While Our Man is stripped of the kind of hope he’d always known, the director, JC Chandor, never lets us escape beauty. His shots of the stillness, and expanse of the ocean, his gift of the silence of Our Man’s solitude—unspoiled by dramatic music or inner monologue—give even this disaster a resonant grandeur. The most affecting reminders of goodness come when Chandor shoots the raft from below, finding tiny fish and other sea creatures gathered in the sanctuary of Our Man’s raft. The images are electric, jolts of life in stark contrast to the endless austerity Our Man sees to the horizon. Even this ocean, harsh to a man, nurtures any life willing to depend on its provenance, built to receive it (which Our Man is not. His free will has lead him beyond the grace he was built to bear).
This excerpt is taken from All Must Be Lost or How to Live When Lost at Sea, a reflection on the 2013 film starring Robert Redford and a most unfortunate boat.
This is an excerpt of an essay called ‘In Community Group with David Foster Wallace’ that can be read in full at The Gospel Coalition blog.
Wouldn’t this be a great kind of church, a great community to be a part of? One filled with listeners who identified your pain as part of their own. One of such un-pretense that even the most bottomless confession is received with grace by people who all count themselves as the chief sinner. One of such consistency that the people live life together instead of merely gathering when they feel like they need it and scattering until the next crisis. This sounds like the kind of community that would give life. This sounds like the kind of community that is so thoroughly and humbly acquainted with themselves that they can see Jesus with a magnificent, binding clarity. This is not [high-achieving, upper middle class] Christianish-ity. This is a true fellowship of the redeemed.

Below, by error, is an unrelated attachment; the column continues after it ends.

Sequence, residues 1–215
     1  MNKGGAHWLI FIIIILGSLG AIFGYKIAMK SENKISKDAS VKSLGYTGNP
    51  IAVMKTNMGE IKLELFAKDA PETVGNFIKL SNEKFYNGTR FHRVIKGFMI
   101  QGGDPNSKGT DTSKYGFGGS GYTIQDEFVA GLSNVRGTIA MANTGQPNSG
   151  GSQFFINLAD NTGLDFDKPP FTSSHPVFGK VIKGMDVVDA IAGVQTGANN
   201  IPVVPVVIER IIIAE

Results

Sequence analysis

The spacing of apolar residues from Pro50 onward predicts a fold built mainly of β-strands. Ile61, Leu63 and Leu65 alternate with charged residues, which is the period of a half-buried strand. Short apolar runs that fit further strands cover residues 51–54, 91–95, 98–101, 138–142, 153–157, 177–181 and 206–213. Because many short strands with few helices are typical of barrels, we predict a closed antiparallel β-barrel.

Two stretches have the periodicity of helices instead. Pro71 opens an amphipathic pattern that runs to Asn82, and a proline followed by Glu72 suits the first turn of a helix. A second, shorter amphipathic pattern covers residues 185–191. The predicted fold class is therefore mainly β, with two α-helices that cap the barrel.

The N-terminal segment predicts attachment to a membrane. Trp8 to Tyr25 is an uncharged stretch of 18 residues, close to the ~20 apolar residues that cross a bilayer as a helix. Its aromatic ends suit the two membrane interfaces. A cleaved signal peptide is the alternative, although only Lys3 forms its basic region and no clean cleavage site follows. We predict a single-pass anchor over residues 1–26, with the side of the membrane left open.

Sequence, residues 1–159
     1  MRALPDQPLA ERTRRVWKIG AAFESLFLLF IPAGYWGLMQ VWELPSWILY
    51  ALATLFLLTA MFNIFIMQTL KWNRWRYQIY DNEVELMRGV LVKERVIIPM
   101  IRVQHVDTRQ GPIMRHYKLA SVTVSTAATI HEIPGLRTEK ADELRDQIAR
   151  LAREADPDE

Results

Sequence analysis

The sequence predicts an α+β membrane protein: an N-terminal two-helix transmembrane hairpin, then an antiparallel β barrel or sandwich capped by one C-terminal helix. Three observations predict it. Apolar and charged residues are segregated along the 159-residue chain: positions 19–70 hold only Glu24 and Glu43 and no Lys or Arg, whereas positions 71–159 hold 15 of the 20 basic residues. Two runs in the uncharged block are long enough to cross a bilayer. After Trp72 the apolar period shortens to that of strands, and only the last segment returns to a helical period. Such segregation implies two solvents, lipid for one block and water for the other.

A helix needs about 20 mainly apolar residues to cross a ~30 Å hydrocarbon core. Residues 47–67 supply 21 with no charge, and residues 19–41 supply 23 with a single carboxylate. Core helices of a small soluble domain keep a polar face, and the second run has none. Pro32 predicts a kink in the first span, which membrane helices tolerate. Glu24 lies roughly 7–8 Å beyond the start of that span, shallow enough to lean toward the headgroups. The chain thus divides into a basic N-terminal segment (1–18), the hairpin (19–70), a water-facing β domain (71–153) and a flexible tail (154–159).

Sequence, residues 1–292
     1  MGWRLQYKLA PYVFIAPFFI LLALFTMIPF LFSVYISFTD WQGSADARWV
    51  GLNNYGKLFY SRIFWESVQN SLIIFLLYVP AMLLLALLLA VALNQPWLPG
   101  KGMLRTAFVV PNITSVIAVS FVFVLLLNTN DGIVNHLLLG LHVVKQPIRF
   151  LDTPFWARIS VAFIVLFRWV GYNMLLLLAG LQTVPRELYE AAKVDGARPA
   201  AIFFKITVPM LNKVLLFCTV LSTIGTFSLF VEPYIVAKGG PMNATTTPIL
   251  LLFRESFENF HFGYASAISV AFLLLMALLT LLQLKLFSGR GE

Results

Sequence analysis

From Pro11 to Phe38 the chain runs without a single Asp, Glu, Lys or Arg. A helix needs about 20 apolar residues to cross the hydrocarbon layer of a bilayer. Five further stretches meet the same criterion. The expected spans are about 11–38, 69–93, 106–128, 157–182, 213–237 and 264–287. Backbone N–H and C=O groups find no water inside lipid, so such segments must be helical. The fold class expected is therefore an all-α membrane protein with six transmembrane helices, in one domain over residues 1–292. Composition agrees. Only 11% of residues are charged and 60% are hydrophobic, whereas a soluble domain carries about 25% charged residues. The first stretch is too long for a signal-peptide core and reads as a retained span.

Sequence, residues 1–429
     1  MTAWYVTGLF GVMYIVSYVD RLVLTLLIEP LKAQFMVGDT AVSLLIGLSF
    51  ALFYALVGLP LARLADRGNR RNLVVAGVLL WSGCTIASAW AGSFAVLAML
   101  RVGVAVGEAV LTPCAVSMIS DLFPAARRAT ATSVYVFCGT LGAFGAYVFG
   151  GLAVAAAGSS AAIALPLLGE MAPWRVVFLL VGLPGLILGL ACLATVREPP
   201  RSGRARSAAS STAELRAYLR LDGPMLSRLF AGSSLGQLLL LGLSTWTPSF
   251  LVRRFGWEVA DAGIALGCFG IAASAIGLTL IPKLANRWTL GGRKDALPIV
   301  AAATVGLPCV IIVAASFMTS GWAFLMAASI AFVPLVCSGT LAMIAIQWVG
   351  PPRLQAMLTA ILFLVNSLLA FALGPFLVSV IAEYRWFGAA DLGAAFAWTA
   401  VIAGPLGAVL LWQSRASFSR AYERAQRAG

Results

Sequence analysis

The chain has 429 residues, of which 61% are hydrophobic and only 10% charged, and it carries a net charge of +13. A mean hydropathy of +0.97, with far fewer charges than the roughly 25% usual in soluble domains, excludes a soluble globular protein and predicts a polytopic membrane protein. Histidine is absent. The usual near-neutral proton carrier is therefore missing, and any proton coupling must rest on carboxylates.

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 Edit thought up while driving to work, made post publication at TGC
 TGC editors calmed Christianish-ity down as ‘Christianity’, perhaps understandably not wanting the homophone sounded out by the double suffix on their blog. Though, that’s kind of the joke.
I am limited, though. I can only take in so much information before, overwhelmed, I begin to forget. Who can remember everything they have read, seen, heard, or even themselves said? Yet this unlimited access to information is ever on hand and offered as a sacrament. Some digi-evangelion, the gateway to a better life. Information has become so saturate as to flow like water from our screens. The preachers at the riverbank, that’s the marketing department. They call to us, ‘Wade in and be born into this new life.’ Baptized, full submersion. We have indeed been born away by the flood…
If this stream of information which data bears to us breaks over our limited minds and washes away lasting impressions, what does Sprint really mean when they compel me to be unlimited? Here it comes to a fine point: Sprint doesn’t really care if I am actually unlimited (I am not). They simply want me to feel unlimited as I consume their product because then I would ostensibly consume it limitlessly, which is a handy trait to have in a customer when you’re selling something and you’d like it to be expensive. What we are really being sold is our own demand, by which we will be sold more.
This portion was excerpted from ‘You Deserve To Be Unlimited’.